2nd Edition

Judges and Democratization Judicial Independence in New Democracies

By B. C. Smith Copyright 2023
    302 Pages 8 B/W Illustrations
    by Routledge

    302 Pages 8 B/W Illustrations
    by Routledge

    This second edition examines judicial independence as an aspect of democratization based on the premise that democracy cannot be consolidated without the rule of law of which judicial independence is an indispensable part.

    It pays particular attention to the restraints placed upon judicial independence and examines the reforms which are being applied, or remain to be adopted, in order to guard against the different kinds of interference which prevent judicial decisions being taken in a wholly impartial way. Focusing on the growing authoritarianism in the new democracies of Eastern Europe, Latin America, Asia and Africa, the book analyses the paradox of judicial activism arising from the independence endowed upon the judiciary and the rights bestowed on citizens by post-authoritarian constitutions. Finally, it asks how judicial accountability can be made compatible with the preservation of judicial independence when the concept of an accountable, independent judiciary appears to be a contradiction in terms.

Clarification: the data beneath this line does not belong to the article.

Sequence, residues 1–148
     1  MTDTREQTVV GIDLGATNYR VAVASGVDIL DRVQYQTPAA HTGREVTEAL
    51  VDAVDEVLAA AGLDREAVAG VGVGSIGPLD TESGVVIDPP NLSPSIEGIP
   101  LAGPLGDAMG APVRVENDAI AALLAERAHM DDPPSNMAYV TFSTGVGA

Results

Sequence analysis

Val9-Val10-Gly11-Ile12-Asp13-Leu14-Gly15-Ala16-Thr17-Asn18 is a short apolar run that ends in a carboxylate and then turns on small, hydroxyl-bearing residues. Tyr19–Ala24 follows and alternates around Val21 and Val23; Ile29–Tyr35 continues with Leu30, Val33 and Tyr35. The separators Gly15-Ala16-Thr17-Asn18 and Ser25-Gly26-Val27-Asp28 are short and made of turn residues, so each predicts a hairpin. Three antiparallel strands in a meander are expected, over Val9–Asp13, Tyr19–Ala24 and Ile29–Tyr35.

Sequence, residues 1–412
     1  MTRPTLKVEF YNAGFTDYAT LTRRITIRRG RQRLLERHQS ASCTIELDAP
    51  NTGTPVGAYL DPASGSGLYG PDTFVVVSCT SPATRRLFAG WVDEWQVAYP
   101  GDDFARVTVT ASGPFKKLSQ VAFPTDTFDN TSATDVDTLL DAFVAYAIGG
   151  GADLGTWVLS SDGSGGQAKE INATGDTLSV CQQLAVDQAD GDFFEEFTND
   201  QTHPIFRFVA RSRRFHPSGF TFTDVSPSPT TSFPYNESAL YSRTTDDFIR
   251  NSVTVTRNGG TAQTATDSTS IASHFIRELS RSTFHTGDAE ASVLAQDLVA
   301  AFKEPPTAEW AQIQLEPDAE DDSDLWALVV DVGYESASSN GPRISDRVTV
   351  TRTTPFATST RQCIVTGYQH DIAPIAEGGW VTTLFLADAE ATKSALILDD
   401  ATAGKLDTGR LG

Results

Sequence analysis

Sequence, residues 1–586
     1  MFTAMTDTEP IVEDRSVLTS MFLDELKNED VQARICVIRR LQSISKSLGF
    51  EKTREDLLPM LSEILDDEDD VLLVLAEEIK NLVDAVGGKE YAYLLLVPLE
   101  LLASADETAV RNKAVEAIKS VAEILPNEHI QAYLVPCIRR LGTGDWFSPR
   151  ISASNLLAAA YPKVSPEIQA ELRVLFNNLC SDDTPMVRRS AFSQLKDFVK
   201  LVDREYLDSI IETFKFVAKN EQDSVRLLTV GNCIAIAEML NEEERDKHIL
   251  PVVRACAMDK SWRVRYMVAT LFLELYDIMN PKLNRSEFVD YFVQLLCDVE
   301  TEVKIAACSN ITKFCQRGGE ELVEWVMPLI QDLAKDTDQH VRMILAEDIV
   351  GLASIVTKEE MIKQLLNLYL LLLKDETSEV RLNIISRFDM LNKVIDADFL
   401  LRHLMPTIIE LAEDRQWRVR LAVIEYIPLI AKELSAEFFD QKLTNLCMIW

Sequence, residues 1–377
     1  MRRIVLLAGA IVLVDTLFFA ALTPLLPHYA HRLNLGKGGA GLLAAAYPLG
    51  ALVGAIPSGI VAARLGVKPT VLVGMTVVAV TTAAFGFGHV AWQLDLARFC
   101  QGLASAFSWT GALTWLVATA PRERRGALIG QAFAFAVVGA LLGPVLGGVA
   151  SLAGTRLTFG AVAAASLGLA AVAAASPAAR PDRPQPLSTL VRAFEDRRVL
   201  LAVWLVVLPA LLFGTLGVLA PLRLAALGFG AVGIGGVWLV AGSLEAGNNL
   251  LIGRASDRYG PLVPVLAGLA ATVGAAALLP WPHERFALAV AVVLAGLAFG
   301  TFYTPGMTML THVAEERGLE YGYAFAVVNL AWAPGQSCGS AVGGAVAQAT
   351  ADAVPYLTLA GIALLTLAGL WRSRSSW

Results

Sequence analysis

This book will be of key interest to scholars and students of judicial studies, democratization and autocratization studies, constitutionalism, global governance, and more broadly comparative government/politics, human rights and comparative public law.


    1. The rule of law and democracy

    2. The rule of law and judicial independence

    3. Undermining judicial independence

    4. Judicial bias

    5. Judicial reform

    6. Reforming judicial behaviour

    7. Managing the judiciary

    8. Judicial activism

    9. Judicial accountability

    10. Conclusion: the dilemma of judicial independence


    B. C. Smith is Emeritus Professor of Political Science, University of Dundee, UK.